October 28, 2014; The Guardian

The Great Recession wreaked havoc in homes across the world, leading to an increase in the number of children living in poverty. As the recession ends, families continue to struggle. Recently, the United States Census reported a decrease of 1.9 percent in the number of children living in poverty from 2012 to 2013. The United Nations International Children’s Emergency Fund (UNICEF) released a similar report for the period of 2008–2012, noting an increase in child poverty rates for more than half of the world’s most developed countries. The UNICEF report also identified government programs and social service agencies as the “decisive factor” in limiting the growth in child poverty.

Identifying children as the “most enduring image” of the Great Recession, UNICEF has released a report documenting the number of children living in poverty in the forty-one richest countries around the world. Entitled “Children of Recession: the Impact of the Economic Crisis on Child Wellbeing in Rich Countries,” it found an increase of 2.6 million children living in poverty in the developed world between 2008 and 2012. Overall, the number of children in OECD countries living in poverty increased to 76.5 million, including 11.1 million living in severe maternal deprivation—an increase of over 10 percent.

The report ranked the forty-one countries surveyed. It identified increases of over fifty percent in Ireland, Croatia, Latvia, Greece, and Iceland. In contrast, eighteen of the forty-one countries illustrated that an increase in child poverty is not inevitable during a recession. Children in poverty dropped by a minimum of thirty percent in Chile, Finland, Norway, Poland, and Slovakia.

Strong social service programs and agencies were, according to the report, the key to weathering the recession. Often, these programs protected some vulnerable groups better than others. The report identified 24 of 31 countries, or over 77 percent, where the number of elderly people living in poverty decreased while the number of children increased during the five-year period.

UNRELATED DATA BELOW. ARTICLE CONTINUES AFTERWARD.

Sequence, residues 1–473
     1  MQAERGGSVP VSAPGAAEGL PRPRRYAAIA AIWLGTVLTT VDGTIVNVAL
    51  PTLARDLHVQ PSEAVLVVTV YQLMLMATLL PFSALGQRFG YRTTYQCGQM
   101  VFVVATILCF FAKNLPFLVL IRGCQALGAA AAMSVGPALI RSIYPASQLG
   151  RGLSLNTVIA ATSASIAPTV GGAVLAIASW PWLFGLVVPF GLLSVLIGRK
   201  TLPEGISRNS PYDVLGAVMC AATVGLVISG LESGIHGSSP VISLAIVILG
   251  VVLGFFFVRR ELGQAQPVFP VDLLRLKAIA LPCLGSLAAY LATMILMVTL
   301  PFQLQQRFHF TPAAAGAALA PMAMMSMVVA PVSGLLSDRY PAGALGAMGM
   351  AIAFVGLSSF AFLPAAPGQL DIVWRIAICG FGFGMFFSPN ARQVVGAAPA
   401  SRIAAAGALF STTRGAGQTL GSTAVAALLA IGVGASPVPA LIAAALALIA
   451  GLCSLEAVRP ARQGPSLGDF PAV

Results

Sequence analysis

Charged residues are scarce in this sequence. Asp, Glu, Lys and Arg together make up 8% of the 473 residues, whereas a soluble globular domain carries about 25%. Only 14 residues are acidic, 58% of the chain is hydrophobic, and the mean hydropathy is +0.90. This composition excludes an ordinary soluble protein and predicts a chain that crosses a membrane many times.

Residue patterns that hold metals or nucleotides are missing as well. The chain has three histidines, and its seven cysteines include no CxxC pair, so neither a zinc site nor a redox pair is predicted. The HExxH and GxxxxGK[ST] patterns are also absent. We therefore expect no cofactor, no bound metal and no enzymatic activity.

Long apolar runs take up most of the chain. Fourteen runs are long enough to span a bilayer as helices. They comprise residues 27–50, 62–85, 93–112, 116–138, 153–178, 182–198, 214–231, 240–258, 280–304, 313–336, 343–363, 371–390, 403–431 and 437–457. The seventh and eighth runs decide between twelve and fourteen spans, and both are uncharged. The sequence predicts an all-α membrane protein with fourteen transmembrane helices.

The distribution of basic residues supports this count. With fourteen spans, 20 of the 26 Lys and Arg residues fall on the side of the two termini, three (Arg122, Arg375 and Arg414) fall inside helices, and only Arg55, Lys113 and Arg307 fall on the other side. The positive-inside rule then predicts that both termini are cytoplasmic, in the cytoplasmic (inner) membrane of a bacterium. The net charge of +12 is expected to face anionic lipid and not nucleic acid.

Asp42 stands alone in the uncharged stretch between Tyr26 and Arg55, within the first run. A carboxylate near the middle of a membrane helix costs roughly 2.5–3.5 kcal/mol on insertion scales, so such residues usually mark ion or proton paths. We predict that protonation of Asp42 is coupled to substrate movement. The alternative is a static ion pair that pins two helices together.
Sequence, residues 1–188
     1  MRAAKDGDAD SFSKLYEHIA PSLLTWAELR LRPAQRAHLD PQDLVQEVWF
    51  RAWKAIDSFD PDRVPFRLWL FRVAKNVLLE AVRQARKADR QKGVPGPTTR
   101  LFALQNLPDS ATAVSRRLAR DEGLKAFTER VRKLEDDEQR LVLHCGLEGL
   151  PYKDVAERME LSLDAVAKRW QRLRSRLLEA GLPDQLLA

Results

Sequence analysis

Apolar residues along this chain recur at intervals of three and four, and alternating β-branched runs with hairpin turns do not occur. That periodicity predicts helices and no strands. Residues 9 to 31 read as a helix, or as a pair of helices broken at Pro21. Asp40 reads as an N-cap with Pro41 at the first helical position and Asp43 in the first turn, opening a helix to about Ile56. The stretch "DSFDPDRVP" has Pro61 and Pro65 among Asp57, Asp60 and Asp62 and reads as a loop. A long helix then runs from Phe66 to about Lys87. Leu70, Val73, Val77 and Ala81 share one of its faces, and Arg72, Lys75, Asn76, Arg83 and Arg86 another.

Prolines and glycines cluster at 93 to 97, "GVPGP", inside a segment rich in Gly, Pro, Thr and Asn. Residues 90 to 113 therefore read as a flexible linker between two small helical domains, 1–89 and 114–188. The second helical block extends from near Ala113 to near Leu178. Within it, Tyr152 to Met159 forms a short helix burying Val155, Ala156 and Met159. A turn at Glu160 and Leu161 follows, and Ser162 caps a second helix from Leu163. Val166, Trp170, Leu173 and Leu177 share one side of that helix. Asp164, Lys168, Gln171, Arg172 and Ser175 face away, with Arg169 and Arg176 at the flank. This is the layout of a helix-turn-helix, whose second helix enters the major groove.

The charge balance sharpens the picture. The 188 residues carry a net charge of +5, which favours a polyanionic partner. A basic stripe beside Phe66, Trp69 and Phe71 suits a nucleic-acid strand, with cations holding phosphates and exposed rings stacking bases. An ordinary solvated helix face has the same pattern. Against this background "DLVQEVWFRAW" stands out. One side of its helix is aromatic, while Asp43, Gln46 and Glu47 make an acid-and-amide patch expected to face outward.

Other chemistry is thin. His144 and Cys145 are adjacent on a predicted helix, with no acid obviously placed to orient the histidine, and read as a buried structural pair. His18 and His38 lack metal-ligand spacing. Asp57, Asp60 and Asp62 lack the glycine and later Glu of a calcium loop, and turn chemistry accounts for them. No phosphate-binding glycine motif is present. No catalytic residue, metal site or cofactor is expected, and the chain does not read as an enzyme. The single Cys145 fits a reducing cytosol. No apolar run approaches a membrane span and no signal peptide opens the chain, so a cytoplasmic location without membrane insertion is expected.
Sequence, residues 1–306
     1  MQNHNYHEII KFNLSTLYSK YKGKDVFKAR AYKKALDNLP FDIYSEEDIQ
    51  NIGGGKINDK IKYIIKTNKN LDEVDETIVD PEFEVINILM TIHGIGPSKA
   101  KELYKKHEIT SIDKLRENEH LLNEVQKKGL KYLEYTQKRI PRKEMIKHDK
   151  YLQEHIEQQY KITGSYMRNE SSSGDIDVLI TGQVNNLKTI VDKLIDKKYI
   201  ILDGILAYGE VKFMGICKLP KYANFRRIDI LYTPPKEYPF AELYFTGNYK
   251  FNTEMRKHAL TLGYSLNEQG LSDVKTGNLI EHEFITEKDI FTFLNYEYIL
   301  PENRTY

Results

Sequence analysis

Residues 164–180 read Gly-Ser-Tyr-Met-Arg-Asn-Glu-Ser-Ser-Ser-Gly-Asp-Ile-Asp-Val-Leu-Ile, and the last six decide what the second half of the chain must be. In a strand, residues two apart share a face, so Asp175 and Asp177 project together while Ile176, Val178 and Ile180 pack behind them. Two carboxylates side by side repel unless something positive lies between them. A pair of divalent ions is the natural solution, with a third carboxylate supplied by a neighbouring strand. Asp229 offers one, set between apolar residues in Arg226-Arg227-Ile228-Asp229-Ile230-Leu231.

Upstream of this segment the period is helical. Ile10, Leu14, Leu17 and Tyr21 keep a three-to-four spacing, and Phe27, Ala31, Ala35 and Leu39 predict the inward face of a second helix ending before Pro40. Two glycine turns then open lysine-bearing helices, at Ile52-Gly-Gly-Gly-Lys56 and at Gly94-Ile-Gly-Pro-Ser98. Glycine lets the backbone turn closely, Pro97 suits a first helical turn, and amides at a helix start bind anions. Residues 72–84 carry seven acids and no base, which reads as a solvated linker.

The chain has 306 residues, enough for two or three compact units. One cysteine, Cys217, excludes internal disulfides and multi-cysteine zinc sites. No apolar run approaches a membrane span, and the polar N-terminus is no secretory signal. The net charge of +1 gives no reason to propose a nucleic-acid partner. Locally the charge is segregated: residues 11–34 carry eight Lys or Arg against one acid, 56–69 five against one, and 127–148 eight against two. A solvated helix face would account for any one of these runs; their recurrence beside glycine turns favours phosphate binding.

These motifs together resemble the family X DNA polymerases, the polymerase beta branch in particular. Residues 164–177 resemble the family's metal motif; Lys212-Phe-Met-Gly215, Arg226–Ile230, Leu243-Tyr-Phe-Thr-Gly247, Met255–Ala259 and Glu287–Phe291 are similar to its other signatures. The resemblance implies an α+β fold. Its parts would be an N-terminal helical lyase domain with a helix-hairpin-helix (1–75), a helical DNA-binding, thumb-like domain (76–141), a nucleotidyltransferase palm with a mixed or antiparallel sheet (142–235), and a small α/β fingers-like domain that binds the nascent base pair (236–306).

In terms of the United States, the UNICEF report did document a significantly higher increase in the number of children living in extreme poverty in the United States between 2008 and 2012, as compared to the recession of 1982. During the most recent recession, the number of children living in poverty increased by almost eight percent to 24.2 million.

More recently, the U.S. has begun to stem this tide. Last month, the United States Census identified a 1.9 percent decrease in the number of children living in poverty in 2013, compared to 2012. The decline was the largest since 1966.

The UNICEF report emphasized the need for the world’s richest countries to realize the cyclical nature of the world economy and develop a strong safety net in times of prosperity that will shield children during upcoming recessions. Clearly the recent growth in the United States between the income of the upper 2% and the lower 98% illustrates the huge gap programs would need to close.

But, to use a tired old thought, maybe this sector is about equity and some measure of economic justice, not simply providing a safety net within an increasingly unjust structure.—Gayle Nelson